Issues. Only a limited amount of research has been conducted to explore whether there are socioeconomic status differences in responses to mass media. However, the methodological quality of this evidence has not been assessed, limiting confidence in conclusions that can be drawn regarding study outcomes. A systematic review of the effectiveness of anti-tobacco mass media campaigns with socially disadvantaged groups was conducted, and the methodological quality of included studies was assessed.
Approach. Medline, The Cochrane Library, PsycInfo, Embase and Web of Science were searched using MeSH and keywords for quantitative studies conducted in Western countries prior to March 2012. A methodological quality assessment and narrative analysis of included studies was undertaken.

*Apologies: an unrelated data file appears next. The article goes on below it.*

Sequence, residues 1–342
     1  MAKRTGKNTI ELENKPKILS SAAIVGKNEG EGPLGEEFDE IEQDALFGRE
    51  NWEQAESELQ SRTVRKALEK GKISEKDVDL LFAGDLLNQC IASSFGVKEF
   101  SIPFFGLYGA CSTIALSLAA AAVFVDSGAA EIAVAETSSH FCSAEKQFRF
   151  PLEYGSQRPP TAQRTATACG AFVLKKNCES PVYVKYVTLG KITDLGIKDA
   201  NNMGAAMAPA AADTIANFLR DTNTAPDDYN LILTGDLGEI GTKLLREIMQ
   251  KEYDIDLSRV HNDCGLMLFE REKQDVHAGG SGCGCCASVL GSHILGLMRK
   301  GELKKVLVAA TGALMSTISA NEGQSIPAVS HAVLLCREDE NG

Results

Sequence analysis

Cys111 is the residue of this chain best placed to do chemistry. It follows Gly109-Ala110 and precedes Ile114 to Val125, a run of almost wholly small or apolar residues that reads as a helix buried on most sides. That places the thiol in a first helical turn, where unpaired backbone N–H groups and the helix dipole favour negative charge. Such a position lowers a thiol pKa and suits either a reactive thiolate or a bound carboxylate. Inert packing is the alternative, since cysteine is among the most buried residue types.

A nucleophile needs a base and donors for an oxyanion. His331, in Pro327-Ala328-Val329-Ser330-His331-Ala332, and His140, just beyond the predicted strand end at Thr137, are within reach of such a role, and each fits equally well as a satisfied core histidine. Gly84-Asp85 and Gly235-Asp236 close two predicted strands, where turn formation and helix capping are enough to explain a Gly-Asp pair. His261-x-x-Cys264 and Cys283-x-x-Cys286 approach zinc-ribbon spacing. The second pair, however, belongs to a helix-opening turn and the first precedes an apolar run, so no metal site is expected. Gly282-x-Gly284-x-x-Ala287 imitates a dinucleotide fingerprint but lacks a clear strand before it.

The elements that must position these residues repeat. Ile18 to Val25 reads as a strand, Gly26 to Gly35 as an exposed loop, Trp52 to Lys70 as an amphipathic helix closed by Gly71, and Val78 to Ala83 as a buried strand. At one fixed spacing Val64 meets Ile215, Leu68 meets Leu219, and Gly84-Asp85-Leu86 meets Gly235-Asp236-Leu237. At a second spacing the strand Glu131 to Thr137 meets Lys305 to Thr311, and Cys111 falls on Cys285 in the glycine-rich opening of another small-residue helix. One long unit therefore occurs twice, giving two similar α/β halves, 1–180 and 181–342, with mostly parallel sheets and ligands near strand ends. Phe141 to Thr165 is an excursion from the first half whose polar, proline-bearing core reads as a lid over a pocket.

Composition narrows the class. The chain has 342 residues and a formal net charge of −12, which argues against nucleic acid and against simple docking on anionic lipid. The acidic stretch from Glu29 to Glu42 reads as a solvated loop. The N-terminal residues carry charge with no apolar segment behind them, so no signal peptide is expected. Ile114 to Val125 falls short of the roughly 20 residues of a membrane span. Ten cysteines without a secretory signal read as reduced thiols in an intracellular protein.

Key Findings. Seventeen relevant studies (reported in 18 papers) were identified; however, weak study designs and selection bias were common characteristics, limiting strong conclusions about effectiveness. Using predominantly non-cessation related outcome measures reviewed papers indicated mixed results for mass media tobacco control campaign effectiveness among various social groups. Most studies assessed mass media impact on low socioeconomic status groups rather than highly socially disadvantaged groups.
Implications. Methodological rigour of evaluations in this field must be improved to aid understanding regarding the effectiveness of mass media campaigns in driving cessation among disadvantaged groups.
Conclusion. The results of this review indicate a gap in methodologically rigorous research into the effectiveness of mass media campaigns among socially disadvantaged groups, particularly the highly disadvantaged.[Guillaumier A, Bonevski B, Paul C. Anti-tobacco mass media and socially disadvantaged groups: A systematic and methodological review. Drug Alcohol Rev 2012;31:698–708]